Once more, the mists were rising as I walked away. If they disclosed to me, as I suspect they did, that I should not come back, and that Biddy was quite right, all I can say is—they were quite right too.
Throughout the narrative of Great Expectations, all the characters participate in the guilt and delinquency of others; likewise, there is a sympathy of nature with the psychological states of the characters, as well.
After the funeral, Pip speaks with Biddy after the funeral when he has told Joe that he will visit soon and often. Biddy seems rather skeptical and asks Pip,
"Are you quite sure, then, that you WILL come to see him often?” asked Biddy, stopping in the narrow garden walk, and looking at me under the stars with a clear and honest eye.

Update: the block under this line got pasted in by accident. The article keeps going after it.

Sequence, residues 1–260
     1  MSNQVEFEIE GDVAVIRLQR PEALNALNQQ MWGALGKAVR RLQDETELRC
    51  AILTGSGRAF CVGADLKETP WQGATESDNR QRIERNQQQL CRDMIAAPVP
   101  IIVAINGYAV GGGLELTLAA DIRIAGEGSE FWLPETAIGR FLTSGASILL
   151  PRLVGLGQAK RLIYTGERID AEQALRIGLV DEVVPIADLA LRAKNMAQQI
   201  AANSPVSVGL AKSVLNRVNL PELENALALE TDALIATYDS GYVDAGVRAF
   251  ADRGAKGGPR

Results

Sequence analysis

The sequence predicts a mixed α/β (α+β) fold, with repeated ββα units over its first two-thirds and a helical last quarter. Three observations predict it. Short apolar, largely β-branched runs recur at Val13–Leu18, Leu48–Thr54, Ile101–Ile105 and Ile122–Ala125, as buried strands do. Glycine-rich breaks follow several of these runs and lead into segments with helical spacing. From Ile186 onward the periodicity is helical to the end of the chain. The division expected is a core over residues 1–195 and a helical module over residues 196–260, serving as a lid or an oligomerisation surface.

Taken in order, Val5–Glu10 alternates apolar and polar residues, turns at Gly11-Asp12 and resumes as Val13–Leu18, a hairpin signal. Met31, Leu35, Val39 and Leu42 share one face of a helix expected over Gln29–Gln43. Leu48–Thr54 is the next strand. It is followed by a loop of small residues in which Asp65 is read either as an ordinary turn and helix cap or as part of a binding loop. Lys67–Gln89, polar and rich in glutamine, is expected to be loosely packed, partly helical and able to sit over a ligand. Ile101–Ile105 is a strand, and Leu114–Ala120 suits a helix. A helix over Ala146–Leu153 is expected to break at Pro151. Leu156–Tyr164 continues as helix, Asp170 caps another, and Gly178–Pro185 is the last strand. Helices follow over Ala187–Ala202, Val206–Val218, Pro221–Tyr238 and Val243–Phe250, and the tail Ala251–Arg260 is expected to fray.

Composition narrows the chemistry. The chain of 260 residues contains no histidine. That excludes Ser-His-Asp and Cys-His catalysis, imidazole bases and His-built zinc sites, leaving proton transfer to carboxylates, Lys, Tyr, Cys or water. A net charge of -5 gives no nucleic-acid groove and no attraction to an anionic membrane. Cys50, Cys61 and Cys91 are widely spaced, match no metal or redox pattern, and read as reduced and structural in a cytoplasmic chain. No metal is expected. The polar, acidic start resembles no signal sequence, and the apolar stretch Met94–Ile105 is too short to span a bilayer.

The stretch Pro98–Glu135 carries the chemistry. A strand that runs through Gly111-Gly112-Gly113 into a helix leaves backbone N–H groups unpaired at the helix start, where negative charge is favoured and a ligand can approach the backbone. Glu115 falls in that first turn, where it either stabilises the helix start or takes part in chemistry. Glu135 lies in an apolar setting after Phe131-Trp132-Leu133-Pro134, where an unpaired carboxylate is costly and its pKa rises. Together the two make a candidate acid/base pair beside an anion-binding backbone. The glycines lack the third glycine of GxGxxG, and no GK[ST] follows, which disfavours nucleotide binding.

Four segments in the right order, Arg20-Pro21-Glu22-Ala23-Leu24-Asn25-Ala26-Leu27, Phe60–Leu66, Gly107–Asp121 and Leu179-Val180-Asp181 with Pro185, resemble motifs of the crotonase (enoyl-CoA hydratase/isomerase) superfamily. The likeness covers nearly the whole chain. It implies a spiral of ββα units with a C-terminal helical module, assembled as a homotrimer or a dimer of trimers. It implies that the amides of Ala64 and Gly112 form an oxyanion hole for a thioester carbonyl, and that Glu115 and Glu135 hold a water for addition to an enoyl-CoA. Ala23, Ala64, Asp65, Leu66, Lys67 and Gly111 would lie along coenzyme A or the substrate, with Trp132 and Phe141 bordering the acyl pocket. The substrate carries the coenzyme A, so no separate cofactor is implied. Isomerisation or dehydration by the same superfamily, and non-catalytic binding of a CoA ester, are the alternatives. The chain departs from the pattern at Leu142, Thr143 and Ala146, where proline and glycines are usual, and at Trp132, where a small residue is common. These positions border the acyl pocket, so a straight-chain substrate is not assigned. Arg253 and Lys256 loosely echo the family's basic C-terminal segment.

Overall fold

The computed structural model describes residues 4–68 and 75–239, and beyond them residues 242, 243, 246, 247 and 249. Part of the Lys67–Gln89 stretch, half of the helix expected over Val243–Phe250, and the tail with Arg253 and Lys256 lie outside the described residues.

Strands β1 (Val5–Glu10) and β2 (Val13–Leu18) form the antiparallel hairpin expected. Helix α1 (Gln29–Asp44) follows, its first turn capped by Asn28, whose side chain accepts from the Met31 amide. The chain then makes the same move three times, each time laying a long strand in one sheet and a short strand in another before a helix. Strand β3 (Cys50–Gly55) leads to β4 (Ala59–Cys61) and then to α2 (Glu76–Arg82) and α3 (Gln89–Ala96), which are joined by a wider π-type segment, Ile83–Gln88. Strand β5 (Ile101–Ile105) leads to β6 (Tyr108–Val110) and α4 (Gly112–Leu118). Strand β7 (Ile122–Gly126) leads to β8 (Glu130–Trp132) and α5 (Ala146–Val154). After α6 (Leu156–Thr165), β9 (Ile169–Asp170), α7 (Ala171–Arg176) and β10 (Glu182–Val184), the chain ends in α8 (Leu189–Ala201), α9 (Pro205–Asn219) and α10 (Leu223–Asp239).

This skepticism piques Pip's guilt at not having visited much since he left home to become a gentleman in London. And, so he chides Biddy harboring negative feelings toward her all evening,
I reflected what an unkindness, what an injury, what an injustice, Biddy had done me.
However, when Pip departs the forge, the mists seems to suggest that he will not, in fact, visit Joe soon and often: "they were quite right, too" because Pip finds reasons to excuse himself from visiting Joe one the forge. For, it is not until Chapter 57 that Pip returns to the marshes and the forge after his burning and Joe's solicitous visit to care for Pip. Then, he wants to tell Joe how guilty he feels, begging forgiveness.